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Discussion Starter #1
Hi I have a 2001 s60 with 180,000 miles and the trans has been slipping and shifting rough when going into second and third. Should I add fluid, do a high milaege fix treatment, or flush the old stuff and add all new fluid? Also which fluid would you recommend? Thanks in advance:beer:
 

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Search B4 cover servo update for the rough/slipping shift characteristics.

I wouldn't recommend a flush at that high of mileage, as the friction materials will be washed away and may cause damage or failure to your transmission.

Mobil 3309 or Toyota Type IV if you do decide to flush/drain, fill the transmission.
 

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Search B4 cover servo update for the rough/slipping shift characteristics.

I wouldn't recommend a flush at that high of mileage, as the friction materials will be washed away and may cause damage or failure to your transmission.

Mobil 3309 or Toyota Type IV if you do decide to flush/drain, fill the transmission.
180,000 miles is not a whole lot for an automatic transmission, maybe 180,000 really tough uphill miles would cause an excess amount of friction material to build up and cause the clutch plates to wear down resulting in the thick goopy fluid and slippery clutch plates working together semi-well. You have to remember that ATF fluid essentially acts as a solid when under the pressures that buildup inside the transmission's clutch plates, and this excess friction material only helps prevent the completely worn down clutch plates from slipping. Only incredibly high mileage transmissions, over 400,000 miles would typically see this kind of worn clutch plates.

I say, in my non professional opinion, that doing a transmission fluid flush, NOT POWER FLUSH LIKE JIFFY LUBE or any other auto place does, but an IPD style transmission fluid flush would definitely help smooth out your shifting.

If it doesn't then bpray's B4 servo cover suggestion is probably the culprit.

But make sure that you check your fluid level after the fluid has heated up to operating temperature and the car is on a level surface, so after the flush drive around hard for a bit, then come back home, check the fluid level, and add more/less to make it up to the hot line.
 

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180,000 miles is not a whole lot for an automatic transmission, maybe 180,000 really tough uphill miles would cause an excess amount of friction material to build up and cause the clutch plates to wear down resulting in the thick goopy fluid and slippery clutch plates working together semi-well. You have to remember that ATF fluid essentially acts as a solid when under the pressures that buildup inside the transmission's clutch plates, and this excess friction material only helps prevent the completely worn down clutch plates from slipping. Only incredibly high mileage transmissions, over 400,000 miles would typically see this kind of worn clutch plates.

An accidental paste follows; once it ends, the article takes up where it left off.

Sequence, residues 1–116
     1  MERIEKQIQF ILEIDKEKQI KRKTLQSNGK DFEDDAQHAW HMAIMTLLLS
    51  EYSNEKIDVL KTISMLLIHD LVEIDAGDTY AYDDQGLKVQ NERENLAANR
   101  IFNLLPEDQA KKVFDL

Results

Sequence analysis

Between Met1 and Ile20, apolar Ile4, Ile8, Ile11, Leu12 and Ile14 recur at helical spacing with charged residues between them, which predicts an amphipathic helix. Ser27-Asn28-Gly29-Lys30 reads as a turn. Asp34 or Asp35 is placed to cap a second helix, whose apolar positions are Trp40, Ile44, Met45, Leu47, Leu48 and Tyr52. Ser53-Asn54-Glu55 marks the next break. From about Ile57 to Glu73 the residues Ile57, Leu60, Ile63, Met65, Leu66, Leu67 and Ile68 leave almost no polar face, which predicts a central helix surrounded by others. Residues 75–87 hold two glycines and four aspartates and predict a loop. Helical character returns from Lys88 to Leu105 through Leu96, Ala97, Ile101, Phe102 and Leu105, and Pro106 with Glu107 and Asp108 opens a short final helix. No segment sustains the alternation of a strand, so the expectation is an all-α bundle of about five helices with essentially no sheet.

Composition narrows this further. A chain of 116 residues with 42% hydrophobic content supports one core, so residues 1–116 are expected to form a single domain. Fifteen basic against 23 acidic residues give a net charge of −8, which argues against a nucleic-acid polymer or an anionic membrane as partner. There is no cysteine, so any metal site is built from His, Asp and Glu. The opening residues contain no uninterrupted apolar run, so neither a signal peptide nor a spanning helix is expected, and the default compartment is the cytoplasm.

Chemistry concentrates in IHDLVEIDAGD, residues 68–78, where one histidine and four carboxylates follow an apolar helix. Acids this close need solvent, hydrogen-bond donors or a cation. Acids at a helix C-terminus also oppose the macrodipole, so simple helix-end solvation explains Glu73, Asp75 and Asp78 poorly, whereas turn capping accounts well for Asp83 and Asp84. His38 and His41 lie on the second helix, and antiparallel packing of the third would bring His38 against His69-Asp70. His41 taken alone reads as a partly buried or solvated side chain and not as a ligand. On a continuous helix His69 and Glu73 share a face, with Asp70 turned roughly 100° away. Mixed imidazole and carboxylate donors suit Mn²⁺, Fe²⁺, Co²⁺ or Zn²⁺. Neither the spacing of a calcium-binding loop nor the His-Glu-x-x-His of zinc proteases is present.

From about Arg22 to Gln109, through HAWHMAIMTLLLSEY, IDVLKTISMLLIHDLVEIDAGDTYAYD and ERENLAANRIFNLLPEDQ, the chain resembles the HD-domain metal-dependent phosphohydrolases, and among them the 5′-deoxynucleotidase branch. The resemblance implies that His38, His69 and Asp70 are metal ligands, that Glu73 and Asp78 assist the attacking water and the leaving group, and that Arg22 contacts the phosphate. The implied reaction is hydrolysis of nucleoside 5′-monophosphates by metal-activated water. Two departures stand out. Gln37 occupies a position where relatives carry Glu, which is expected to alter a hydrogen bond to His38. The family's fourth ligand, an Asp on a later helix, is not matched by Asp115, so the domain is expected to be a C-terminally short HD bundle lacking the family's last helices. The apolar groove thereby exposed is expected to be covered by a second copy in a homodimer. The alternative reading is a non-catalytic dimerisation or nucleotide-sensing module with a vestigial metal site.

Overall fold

Not necessarily. There are multiple accounts not only on here, but other various forums of doing a fluid flush in the mid-to-high 100K range and experiencing either worsened symptoms of transmission slippage and even failure altogether. But like you said, if anything, only do a drain sequence under the power of the fluid pressure itself.
 

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Not necessarily. There are multiple accounts not only on here, but other various forums of doing a fluid flush in the mid-to-high 100K range and experiencing either worsened symptoms of transmission slippage and even failure altogether. But like you said, if anything, only do a drain sequence under the power of the fluid pressure itself.
I'm sure there are, 100,000+ miles of near abuse, hill driving, or track use would definitely cause the clutch plates to work overtime and wear down faster. This is why I refused to flush the transmission fluid in our 2002 S60 at 170,000 miles. It had been abused nearly it's whole life, so most likely it's symptoms would only have gotten worse.

To clarify, if you know what kind of miles the car has, calm miles, highway miles, no tracking or towing, then most likely doing a flush at 180,000 is alright, but if you don't know the cars history and the fluid is jet black with little particles then you're better off not flushing.

That being said I flushed a Volvo 5spd in an S80 with over 160,000 miles and it's fluid was so bad that it literally took 3-4 minutes to pump out 2 quarts of the thick black goop (but there was no metallic bits). So we replaced all the fluid, car eventually pumped the new fluid at the proper speed, and the car was a lot smoother shifting and got rid of the cold weather slipping problem he experienced.

If you go with the iPd style flush, remember that if you see little metallic bits, not bubbles, but little metal bits then stop and throw the fluid you just pumped out back in the transmission.
 

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Discussion Starter #6
Thanks everyone
 
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